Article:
Vol 72, No 3 (2021)
Original paper
Published online: 2021-03-22

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Prevalence and socioeconomic predictors of diagnosed and undiagnosed diabetes in oldest-old and younger Caucasian seniors: results from the PolSenior study

Monika Puzianowska-Kuźnicka12, Joanna Januszkiewicz-Caulier3, Alina Kurylowicz1, Malgorzata Mossakowska4, Tomasz Zdrojewski5, Aleksandra Szybalska4, Anna Skalska6, Jerzy Chudek7, Edward Franek31
Pubmed: 33749811
Endokrynol Pol 2021;72(3):249-255.


Introduction: Type 2 diabetes is one of the most common diseases in the aging population; however, data concerning correlates of diabetes in age-advanced individuals are limited. The study aimed to identify the socioeconomic correlates of diabetes in representative groups of oldest-old (≥ 85 years) and younger (65 to 84 years) Polish Caucasian seniors.

Material and methods: PolSenior is a multicentre, population-based study conducted in Poland. Fasting plasma glucose levels and data from detailed medical questionnaires were obtained from 2128 male and 1961 female study participants aged ≥ 65 years. Multivariate logistic regression was used to identify significant socioeconomic risk factors for diabetes and undiagnosed diabetes.

Results: The overall prevalence of diabetes in the study group was 21.9% (24.0% in women vs. 19.9% in men, p = 0.002), with an estimated weighted prevalence for all older Poles of 23.1%. Nearly one-fifth of cases were previously undiagnosed. Diabetes was more common in the younger elderly (65–84 years) than in the oldest-old (≥ 85 years) (23.4% vs. 18.6%, p < 0.001). The frequency of diabetes was higher in women than in men (24.0% vs. 19.9%, p < 0.002); however, men remained undiagnosed more commonly than women (4.7% vs. 3.3%, p = 0.029). The frequency of diabetes was higher among urban than rural dwellers (23% vs. 20.4%, p = 0.048). It was also related to marital status in women (p = 0.036) and occupation in men (p = 0.015). Multivariate logistic regression analysis revealed that the independent risk factors for diabetes were body mass index (BMI) and marital status in women, while in men it was solely BMI. Undiagnosed diabetes was more frequent among rural than city dwellers (4.8% vs. 3.5%, p = 0.03). In multivariate logistic regression analysis, only BMI and place of residence remained significant risk factors for being undiagnosed.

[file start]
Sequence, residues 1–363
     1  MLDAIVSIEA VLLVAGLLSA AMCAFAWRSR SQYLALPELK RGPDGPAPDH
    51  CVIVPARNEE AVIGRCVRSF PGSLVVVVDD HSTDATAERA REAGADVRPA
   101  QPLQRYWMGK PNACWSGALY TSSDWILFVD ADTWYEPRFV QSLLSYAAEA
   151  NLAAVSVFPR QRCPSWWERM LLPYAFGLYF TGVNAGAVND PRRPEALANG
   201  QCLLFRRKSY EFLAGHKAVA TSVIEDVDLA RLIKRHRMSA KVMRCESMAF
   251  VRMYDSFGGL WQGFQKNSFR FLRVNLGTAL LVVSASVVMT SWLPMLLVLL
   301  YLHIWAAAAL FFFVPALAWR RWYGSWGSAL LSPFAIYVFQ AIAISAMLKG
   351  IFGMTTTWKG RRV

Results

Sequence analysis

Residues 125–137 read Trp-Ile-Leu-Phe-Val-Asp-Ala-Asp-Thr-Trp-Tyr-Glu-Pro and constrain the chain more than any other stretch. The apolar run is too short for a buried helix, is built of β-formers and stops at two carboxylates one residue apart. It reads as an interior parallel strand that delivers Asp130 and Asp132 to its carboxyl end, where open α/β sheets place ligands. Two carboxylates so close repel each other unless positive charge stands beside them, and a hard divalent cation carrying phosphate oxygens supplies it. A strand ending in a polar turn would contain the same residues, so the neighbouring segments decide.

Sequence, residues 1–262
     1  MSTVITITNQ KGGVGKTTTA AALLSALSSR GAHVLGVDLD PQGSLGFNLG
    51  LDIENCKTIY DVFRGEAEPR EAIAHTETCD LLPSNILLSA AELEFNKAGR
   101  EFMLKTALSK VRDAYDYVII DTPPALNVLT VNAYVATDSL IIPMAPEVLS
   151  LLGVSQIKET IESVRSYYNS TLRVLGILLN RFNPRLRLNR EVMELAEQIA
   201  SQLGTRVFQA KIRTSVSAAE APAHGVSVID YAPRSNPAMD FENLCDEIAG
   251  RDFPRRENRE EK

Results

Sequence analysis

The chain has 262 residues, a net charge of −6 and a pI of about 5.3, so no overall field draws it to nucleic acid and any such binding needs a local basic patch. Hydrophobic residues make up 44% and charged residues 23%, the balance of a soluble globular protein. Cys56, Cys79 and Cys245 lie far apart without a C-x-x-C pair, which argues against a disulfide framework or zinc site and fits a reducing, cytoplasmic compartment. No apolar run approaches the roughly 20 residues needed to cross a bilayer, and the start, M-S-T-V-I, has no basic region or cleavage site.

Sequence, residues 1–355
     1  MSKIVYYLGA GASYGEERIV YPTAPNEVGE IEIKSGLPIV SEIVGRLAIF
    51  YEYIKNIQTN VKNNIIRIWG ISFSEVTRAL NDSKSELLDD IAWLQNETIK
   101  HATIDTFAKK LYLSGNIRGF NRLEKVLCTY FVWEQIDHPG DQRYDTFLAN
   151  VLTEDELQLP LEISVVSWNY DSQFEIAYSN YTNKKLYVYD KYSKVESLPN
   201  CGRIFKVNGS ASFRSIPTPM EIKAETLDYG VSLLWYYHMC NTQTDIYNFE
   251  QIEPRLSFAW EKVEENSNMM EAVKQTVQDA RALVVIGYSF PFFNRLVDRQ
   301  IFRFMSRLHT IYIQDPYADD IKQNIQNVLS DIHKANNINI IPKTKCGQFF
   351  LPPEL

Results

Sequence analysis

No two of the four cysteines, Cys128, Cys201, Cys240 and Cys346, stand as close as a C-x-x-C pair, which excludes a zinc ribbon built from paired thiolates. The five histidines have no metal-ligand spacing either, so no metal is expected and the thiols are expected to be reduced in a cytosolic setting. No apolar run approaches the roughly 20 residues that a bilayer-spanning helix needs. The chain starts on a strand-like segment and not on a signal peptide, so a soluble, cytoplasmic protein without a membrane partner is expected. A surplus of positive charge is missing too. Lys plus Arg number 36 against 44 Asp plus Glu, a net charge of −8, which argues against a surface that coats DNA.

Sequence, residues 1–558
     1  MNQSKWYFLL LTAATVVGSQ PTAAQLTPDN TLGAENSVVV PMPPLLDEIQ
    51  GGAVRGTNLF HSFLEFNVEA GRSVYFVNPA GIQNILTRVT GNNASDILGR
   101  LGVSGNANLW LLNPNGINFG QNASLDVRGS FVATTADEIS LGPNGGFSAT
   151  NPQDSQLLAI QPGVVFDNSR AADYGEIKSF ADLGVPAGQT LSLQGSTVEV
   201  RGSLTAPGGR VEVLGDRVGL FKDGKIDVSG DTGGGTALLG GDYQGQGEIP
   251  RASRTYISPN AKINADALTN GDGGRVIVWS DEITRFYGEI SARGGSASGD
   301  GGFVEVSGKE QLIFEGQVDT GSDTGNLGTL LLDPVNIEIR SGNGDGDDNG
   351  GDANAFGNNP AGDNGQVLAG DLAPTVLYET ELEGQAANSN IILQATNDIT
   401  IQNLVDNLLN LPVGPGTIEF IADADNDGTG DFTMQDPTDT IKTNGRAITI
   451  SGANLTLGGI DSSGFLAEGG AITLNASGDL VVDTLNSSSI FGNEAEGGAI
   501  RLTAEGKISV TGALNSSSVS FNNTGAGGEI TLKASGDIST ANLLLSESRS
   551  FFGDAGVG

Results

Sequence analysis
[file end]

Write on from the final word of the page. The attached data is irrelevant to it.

Conclusions: The prevalence of diabetes in the ≥ 65-year-old population exceeds 20% but is lower in the oldest-old than in the younger elderly and is modified by socioeconomic factors. Many elderly individuals remain undiagnosed and do not benefit from the currently available therapy.

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